Hiring out Services, 1099's?

10 Replies

Good Afternoon Everyone,

If I have a property management company, do I have to give vendors a 1099 each time they perform work for me? What is your process for hiring out services such as Plumbing, HVAC, General Contracting, etc? Is there a threshold of how much the services can cost before you need to issue a 1099?

IRS FORM 1099 REPORTING REQUIREMENTS
The Internal Revenue Service (IRS) requires businesses (including not-for-profit organizations) to issue a Form 1099 to any individual or unincorporated business paid in excess of $600 per calendar year for services rendered. This is required whether these payments are spread out over the course of the year or are paid in one lump sum payment. This form is generally not required to be issued to incorporated businesses. The only exception is when payments are made to incorporated law firms. A 1099 must be issued whenever payments in excess of $600 per calendar year are made to law firms.
The most effective way to obtain the information needed to prepare the Form 1099 is by requiring that an IRS Form W-9 be completed prior to any payment being made. Blank W-9 forms can be obtained on page two.
The penalty for failure to file Form 1099 can be as much as 50% of the amount paid for services. The responsibility for filing the Form 1099 is on the organization paying for the services (each state component). It is the responsibility of the individual/business receiving the Form 1099 to handle it properly on their tax return.
The most immediate impact of this issue is on district payments to Adjudicators and other individuals. To be in compliance with IRS regulations, component association’s state offices must keep files of all payments made by district and state offices to individuals and unincorporated businesses so that at the end of each calendar year 1099s can be issued when appropriate.
The FSMA General Requisition forms and Adjudicator Requisition forms have been redone to accommodate these reporting requirements, and will be distributed directly to District Chairs. To answer questions from Adjudicators, state offices may wish to create a packet of information.

Simply put, if you're paying a company for services, there is no 1099. However, if you're paying an individual such as Joe Smith for plumbing work, once you've paid him $600 or more that year, you'll need to issue him a 1099.

As Derrick mentions, if they are incorporated, you are ok (just wave goodbye). If not, you have the 1099 at the threshold level. 

Bear in mind what is going on here: The IRS wants to track the income of smaller contractors who may not report it.  This one may be honored too much in the breach than in the adherence, however.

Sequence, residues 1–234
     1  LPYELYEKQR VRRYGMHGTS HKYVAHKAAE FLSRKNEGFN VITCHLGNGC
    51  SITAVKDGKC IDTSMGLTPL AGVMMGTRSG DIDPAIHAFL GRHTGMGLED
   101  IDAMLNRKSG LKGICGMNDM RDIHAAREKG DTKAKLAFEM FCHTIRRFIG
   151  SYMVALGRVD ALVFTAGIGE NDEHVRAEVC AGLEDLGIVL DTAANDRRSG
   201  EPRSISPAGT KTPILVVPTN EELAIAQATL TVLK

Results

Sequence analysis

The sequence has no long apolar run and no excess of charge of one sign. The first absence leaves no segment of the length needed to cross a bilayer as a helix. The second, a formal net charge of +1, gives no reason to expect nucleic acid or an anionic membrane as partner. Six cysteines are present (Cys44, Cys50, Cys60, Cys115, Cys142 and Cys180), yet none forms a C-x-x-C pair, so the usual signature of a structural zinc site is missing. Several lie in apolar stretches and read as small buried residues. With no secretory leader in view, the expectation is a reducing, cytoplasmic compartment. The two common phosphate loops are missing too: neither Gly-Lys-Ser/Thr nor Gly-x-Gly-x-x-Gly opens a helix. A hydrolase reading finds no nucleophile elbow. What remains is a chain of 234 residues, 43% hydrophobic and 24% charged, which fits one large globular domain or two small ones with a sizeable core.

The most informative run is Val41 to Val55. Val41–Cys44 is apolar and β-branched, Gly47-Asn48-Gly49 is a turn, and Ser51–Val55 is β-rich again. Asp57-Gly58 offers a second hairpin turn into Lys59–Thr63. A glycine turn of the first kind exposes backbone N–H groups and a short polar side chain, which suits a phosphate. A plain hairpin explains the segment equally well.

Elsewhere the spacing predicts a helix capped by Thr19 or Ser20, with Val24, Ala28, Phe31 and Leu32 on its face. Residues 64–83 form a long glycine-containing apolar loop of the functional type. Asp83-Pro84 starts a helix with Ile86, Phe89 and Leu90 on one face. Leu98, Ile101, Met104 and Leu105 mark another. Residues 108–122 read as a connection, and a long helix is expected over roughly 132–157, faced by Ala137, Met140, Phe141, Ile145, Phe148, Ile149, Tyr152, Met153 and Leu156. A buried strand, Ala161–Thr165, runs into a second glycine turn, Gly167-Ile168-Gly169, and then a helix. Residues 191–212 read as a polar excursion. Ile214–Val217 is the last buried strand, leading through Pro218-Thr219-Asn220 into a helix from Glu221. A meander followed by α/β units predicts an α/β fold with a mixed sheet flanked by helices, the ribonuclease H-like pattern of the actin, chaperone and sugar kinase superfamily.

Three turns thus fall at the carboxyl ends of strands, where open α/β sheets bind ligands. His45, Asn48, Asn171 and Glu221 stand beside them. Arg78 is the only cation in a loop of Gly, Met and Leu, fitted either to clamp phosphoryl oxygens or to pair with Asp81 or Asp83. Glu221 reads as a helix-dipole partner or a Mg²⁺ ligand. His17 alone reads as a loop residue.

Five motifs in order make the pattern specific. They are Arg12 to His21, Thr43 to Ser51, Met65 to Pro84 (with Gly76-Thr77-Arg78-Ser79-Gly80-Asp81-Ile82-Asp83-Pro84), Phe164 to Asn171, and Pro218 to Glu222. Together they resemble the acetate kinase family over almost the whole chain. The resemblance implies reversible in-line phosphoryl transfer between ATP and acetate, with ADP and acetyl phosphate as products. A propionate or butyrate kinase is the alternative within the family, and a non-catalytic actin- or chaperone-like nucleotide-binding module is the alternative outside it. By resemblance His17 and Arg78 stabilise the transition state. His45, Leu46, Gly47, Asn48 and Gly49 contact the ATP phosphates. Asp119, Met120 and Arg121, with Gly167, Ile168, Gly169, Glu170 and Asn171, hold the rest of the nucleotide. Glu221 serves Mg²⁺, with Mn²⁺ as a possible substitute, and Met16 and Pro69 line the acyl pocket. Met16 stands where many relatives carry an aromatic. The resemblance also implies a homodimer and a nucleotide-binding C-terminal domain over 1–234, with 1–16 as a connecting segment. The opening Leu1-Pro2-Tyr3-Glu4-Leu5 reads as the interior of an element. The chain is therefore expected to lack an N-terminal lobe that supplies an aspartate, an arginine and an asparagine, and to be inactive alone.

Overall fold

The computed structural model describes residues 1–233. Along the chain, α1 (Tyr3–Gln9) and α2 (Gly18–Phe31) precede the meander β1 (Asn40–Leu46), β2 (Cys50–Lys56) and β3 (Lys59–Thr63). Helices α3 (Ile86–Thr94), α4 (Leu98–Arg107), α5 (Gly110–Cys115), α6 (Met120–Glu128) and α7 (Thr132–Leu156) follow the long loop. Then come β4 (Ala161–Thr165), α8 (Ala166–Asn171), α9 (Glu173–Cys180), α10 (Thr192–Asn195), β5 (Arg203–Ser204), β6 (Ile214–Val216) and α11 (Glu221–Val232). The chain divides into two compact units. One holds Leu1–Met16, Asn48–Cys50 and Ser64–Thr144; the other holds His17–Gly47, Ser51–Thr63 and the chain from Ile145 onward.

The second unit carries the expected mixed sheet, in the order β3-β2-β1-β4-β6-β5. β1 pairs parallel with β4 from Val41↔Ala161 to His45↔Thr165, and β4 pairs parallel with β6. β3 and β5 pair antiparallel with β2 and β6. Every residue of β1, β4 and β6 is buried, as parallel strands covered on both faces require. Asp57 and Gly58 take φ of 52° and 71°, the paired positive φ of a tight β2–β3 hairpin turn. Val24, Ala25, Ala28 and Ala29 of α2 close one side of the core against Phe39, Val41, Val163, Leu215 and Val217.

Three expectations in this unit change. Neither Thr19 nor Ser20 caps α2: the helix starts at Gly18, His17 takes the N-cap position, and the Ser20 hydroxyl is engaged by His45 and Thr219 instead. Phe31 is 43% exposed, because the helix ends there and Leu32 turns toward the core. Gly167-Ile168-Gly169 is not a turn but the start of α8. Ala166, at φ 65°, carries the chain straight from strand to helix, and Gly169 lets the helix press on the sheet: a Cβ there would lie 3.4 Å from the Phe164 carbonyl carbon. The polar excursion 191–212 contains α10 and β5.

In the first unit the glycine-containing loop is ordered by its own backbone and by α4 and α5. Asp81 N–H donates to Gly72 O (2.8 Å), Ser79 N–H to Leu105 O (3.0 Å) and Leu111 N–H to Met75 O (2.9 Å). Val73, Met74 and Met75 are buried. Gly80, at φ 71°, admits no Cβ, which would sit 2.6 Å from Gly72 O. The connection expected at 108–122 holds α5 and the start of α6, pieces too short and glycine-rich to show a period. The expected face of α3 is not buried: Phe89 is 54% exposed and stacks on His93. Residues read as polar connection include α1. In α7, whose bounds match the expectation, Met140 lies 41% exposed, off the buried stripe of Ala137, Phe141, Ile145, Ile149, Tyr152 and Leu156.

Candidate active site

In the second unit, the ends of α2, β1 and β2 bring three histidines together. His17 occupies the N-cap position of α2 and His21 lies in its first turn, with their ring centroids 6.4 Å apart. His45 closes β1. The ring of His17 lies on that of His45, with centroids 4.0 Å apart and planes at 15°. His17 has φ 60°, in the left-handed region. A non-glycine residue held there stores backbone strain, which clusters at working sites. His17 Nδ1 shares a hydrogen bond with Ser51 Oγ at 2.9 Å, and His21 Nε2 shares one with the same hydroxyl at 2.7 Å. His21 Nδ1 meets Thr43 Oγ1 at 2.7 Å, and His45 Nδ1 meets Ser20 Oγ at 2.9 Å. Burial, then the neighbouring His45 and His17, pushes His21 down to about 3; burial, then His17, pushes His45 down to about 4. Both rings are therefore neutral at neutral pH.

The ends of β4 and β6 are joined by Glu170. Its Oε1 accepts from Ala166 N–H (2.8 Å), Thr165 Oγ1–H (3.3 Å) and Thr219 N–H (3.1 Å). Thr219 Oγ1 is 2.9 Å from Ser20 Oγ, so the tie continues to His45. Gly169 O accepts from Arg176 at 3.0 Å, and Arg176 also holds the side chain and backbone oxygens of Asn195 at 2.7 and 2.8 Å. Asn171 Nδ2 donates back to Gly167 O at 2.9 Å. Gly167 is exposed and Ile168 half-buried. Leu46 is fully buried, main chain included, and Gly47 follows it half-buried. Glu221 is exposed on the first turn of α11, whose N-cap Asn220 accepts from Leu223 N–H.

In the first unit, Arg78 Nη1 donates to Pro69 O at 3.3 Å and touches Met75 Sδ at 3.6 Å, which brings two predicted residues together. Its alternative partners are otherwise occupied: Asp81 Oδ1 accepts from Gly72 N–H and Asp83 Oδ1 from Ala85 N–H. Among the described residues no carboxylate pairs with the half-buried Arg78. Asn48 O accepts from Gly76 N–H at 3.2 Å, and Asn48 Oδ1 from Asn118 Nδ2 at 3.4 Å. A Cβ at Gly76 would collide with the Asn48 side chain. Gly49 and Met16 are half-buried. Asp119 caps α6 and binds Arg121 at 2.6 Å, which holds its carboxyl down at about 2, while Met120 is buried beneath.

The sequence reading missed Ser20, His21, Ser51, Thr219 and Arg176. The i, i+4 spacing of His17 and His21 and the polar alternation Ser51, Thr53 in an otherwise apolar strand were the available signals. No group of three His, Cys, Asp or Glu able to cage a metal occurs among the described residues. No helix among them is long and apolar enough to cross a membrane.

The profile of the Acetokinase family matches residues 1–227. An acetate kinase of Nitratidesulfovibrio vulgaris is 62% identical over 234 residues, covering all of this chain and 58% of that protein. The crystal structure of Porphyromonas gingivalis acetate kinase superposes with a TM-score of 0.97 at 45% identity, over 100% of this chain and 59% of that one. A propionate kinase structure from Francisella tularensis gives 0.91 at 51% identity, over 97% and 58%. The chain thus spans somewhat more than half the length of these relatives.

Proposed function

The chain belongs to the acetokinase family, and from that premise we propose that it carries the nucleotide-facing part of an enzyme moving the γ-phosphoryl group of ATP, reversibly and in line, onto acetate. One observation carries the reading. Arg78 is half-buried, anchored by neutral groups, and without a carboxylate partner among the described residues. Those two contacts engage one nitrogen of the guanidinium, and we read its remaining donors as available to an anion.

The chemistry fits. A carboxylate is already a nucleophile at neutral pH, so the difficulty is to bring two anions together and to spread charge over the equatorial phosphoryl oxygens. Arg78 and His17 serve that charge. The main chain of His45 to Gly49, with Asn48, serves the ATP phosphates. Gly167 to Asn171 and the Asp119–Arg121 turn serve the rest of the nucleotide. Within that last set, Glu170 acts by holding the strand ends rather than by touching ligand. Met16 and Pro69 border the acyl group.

Now, my other concern is that if your property manager does not know this, that is an issue. The idea of hiring out the management, is that they handle your vendors and the paper work. They should be all over this (or red flag there). 

Second concern is that more organized contractors (a corp or entity) may be better choices for reasons like these (tax, billing, etc), but I do know getting good help at a reasonable price can be a challenge. 

No, you do not issue a 1099 to any company (LLC, Corp, or any other type) regardless of how much or little you pay them.

This rule is only for when you're paying individual people. You might run into some people who won't want you to issue the 1099 because that means they have to pay taxes on their income (like everyone else!). No under the table for them if the amount is $600 or more within one year.

Generally that threshold is any contracted services that exceed $600. If you're paying over that, then you'll need to 1099 them. What questions do you have about contractors, specifically?

Originally posted by @Devonte Dinkins :

Good Afternoon Everyone,

If I have a property management company, do I have to give vendors a 1099 each time they perform work for me? What is your process for hiring out services such as Plumbing, HVAC, General Contracting, etc? Is there a threshold of how much the services can cost before you need to issue a 1099?

 The key point here is having a property management company.  There are two ways this could go.  If YOU are issuing the checks out of YOUR account, then you are required to follow the 1099 guidelines.  

If, however, the property management issues the check out of its account - even though it is on your behalf - the property management needs to deal with the 1099 reporting and you are out of it.

The entities who need to be issued 1099-MISC forms to are those that receive more than $600 for services in the calendar year.  This includes if somebody issues you an invoice for a repair that includes both parts and labor on it.  You issue the 1099 for the total invoice amount - you do not break out the services separately from the parts.  It's up to the vendor to declare the parts as an expense.  Here are the entities that need a 1099:

1.  Individuals/Sole Proprietors

2.  LLCs (you don't know if they've elected taxation as a corp or as a partnership, so they all get one.

3.  Partnerships

4.  Professional corporations (most specifically, lawyers.  But also accountants, architects, etc.)

5. Any entity you pay commercial rent to, regardless of whether they are an LLC/Corp, etc.

Additionally, you need to issue a 1099-INT to any of the above entity types if you paid them more than $10 in a calendar year for loan interest (late fees do not count).  For you folks getting private loans and hard money loans, you should be issuing these.

It is always better to issue a 1099 to an entity that didn't require one than to not issue one to an entity that did.  

@Linda Weygant , Very Helpful. I will have my own management company for managing my properties, so I want to make sure I am operating correctly.  Any idea of how I should pay myself distributions each month from the management company? Will I need to fill out a 1099?